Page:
Recruiters must implement procedures to ensure that contractors have the correct insurance cover in place to mitigate reputational risk and demonstrate compliance.
That is the advice of the Association of Professional Staffing Companies (APSCo), whose recommendation is outlined in the trade association’s latest white paper, Contractor Insurance: The hidden risk in the recruitment supply chain, produced in conjunction with Kingsbridge Contractor Insurance.
The report outlines how 55% of contractors who are contractually required to hold insurance do not have cover in place, and offers advice on how consultancies can fulfil their duty of care to ensure contractors are well-informed.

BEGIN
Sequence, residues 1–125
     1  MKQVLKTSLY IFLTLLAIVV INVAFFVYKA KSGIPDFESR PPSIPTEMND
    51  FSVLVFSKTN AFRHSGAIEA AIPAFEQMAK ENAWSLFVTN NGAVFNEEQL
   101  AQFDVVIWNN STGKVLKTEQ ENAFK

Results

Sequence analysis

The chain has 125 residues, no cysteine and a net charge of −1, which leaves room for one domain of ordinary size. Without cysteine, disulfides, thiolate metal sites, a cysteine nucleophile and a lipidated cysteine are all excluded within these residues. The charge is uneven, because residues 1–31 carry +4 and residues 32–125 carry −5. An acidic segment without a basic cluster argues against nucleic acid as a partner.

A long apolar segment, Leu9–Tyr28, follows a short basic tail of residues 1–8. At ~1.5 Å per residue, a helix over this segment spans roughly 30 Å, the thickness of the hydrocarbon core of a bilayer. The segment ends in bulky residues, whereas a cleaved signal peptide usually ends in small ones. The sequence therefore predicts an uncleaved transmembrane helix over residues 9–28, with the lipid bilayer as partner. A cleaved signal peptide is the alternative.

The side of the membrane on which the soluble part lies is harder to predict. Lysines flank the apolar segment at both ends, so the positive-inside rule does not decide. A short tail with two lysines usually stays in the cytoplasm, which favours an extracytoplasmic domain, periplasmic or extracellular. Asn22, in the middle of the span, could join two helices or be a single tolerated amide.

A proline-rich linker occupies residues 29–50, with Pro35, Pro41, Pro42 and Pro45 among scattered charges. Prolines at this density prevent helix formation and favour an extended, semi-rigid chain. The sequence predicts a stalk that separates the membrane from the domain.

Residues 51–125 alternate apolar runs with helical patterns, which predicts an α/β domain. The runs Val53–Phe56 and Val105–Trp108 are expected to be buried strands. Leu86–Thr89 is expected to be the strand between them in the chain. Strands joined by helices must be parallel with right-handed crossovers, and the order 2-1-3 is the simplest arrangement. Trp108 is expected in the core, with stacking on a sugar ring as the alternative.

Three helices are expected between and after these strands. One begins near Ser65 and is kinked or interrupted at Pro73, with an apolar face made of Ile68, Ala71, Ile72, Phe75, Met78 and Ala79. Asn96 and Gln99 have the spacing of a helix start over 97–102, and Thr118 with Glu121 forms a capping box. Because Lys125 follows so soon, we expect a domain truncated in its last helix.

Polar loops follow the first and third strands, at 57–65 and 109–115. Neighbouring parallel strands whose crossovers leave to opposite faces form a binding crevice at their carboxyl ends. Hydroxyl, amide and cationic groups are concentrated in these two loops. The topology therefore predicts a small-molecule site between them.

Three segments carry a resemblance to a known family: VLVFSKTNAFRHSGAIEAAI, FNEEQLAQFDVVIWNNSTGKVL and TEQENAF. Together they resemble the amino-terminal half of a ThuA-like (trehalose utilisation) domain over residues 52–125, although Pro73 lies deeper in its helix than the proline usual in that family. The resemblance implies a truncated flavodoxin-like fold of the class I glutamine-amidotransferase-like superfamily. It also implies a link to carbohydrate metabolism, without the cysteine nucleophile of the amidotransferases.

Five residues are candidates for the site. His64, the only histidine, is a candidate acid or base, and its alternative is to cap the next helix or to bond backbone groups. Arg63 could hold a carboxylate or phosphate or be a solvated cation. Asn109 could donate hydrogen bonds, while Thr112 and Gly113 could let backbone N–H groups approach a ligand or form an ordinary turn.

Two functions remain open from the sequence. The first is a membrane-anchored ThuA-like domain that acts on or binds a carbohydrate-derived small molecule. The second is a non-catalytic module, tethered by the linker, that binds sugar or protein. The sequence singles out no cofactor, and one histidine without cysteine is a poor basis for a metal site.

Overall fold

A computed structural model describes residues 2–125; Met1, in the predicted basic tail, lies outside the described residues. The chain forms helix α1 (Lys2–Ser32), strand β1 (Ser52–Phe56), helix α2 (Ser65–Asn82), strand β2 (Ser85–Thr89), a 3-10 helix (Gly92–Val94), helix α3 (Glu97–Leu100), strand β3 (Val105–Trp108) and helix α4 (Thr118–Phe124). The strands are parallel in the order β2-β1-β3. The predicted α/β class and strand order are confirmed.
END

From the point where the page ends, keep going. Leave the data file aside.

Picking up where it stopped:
Ann Swain, Chief Executive of APSCo, explained: “There is a growing emphasis on supply chains across government – and contractor insurance is part of that. By putting in place robust processes – such as implementing a barrier to placement and ensuring due diligence during a placement – recruiters can not only demonstrate compliance, but also ultimately protect themselves at a time when end clients are increasingly inserting clauses into terms specifying liability for the actions of contractors.
“However, while contractor clauses are becoming more commonplace, the reality is that even if a recruiter is confident that they don’t have contractual liability for the contractor’s work, they will often feel obliged to step in and offer a rebate in order to protect their reputation and long-term relationship.
“History teaches us that recruitment firms which adopt a more compliance-orientated approach are likely to be rewarded with commercial benefits that will protect their brand and improve long-term competitiveness.”